The late pres­i­dent is fondly re­called by San An­to­nio of­fi­cials.

Ge­orge H.W. Bush is re­mem­bered as be­ing ‘un­fail­ingly kind,’ ‘true Amer­i­can states­man’

San Antonio Express-News (Sunday) - - Front Page - By Dy­lan McGuin­ness STAFF WRITER

Dur­ing Joe Straus’ time in the Texas House, the re­tir­ing speaker and San An­to­nio state rep­re­sen­ta­tive said he kept one maxim in mind: “There could be no def­i­ni­tion of a suc­cess­ful life that does not in­clude ser­vice to oth­ers.”

It was ut­tered by for­mer Presi- dent Ge­orge H.W. Bush, who Straus said he has known for most of his life. His mother, Joci Straus, had been a friend and sup­porter of Ge­orge and Barbara Bush since the 1960s.

“He in­spired my pub­lic ser­vice,” Straus said. “I’ve kept pic­tures of him in my of­fice here and in the Capi­tol so I would be con­stantly re­minded of what a true pub­lic ser­vant was.”

Straus was one of many elected of­fi­cials from San An­to­nio to cel­e­brate Bush’s life Satur­day. Mayor Ron Niren­berg called Bush “a true Amer­i­can states­man.” state Rep. Lyle Lar­son called him “one of the finest gentle­men we have ever had as our pres­i­dent.”

Con­gress­man Henry Cuel­lar, whose district in­cludes part of the Alamo City, said his “un­yield­ing lead­er­ship, com­mit­ment and servi­tude to his fam­ily and to our coun­try will be matched by none.”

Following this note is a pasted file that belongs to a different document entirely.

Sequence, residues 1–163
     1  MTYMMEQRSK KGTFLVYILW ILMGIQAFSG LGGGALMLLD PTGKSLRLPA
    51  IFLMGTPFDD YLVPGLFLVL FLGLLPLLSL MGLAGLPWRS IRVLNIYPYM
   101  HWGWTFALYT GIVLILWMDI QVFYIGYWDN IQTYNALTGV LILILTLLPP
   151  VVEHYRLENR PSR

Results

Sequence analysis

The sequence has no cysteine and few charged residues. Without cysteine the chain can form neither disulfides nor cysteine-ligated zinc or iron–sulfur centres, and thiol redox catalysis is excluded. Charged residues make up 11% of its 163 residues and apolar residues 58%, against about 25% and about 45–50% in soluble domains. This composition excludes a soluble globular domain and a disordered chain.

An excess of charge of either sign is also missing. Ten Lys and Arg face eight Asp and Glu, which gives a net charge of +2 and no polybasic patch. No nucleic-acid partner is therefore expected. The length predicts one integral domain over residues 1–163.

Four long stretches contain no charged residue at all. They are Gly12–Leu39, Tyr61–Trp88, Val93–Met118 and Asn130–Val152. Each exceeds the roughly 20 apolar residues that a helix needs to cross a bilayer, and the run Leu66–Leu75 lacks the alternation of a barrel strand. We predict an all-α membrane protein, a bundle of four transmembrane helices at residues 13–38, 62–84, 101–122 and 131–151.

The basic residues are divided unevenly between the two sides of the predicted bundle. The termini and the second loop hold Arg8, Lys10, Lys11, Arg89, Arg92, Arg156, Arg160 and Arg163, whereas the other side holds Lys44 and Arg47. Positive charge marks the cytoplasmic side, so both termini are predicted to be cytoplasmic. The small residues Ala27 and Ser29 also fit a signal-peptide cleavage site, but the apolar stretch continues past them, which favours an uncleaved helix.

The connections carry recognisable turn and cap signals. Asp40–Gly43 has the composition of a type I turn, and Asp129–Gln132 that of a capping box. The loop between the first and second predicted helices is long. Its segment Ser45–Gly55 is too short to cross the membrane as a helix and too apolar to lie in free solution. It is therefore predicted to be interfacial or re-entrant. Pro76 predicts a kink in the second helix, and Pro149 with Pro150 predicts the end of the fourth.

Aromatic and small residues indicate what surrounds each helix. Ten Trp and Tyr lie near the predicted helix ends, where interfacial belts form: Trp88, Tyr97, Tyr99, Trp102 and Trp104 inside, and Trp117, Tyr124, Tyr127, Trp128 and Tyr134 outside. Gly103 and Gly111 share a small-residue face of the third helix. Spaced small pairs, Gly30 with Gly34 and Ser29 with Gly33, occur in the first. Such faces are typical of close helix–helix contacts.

A res­i­dent of Hous­ton, Bush also ce­mented a legacy in San An­to­nio and South-Cen­tral Texas. One of his land­mark ini­tia­tives as pres­i­dent was re­al­ized here, when Bush signed the North Amer­i­can Free Trade Agree­ment in Oc­to­ber 1992.

The agree­ment later was rat­i­fied un­der Pres­i­dent Bill Clin­ton.

“This meet­ing marks a turn­ing point in the his­tory of our three coun­tries,” Bush told the cer­e­mony’s au­di­ence then, gath­er­ing at the Plaza San An­to­nio Ho­tel Con­fer­ence Cen­ter with Mex­i­can Pres­i­dent Car­los Sali­nas de Gor­tari and Cana­dian Prime Min­is­ter Brian Mul­roney. “We are cre­at­ing the largest, rich­est and most pro­duc­tive mar­ket in the en­tire world.”

His son Ge­orge W. Bush said in 1992 that the agree­ment would “change San An­to­nio for the bet­ter for a long time com­ing” and called the agree­ment “the sin­gle­most im­por­tant achieve­ment of

Ge­orge Bush’s pres­i­dency in re­gards to Texas.”

Straus, who had left his post at Bush’s Com­merce Depart­ment but helped with the ar­range­ments of the cer­e­mony, said it was im­por­tant to the pres­i­dent that it was held in San An­to­nio.

“As I re­call, it was some­thing that meant a lot to Pres­i­dent Bush. I think he very much wanted to have it here,” Straus said. “While there were some peo­ple who wanted him to have it in Hous­ton, I think he knew … that San An­to­nio was a much bet­ter cul­tural fit.”

In a twist, the three coun­tries signed a re­vised agree­ment ne­go­ti­ated by Pres­i­dent Don­ald Trump ear­lier Fri­day, though each coun­try’s leg­is­la­ture still must ap­prove the deal. Trump long dis­par­aged NAFTA as a dis­as­ter.

Bexar County Judge Nel­son Wolff, who was mayor at the time of the 1992 sign­ing, said the cer­e­mony helped put San An­to­nio on the map. He re­called eat­ing din­ner and talking base­ball with the pres­i­dent, who cap­tained Yale Uni­ver­sity’s team as a stu­dent.

“He was a real classy guy,” Wolff said. “He had a de­meanor that’s miss­ing in pol­i­tics to­day. He set a stan­dard for eth­i­cal con­duct and how to con­duct your­self as pres­i­dent of the United States.”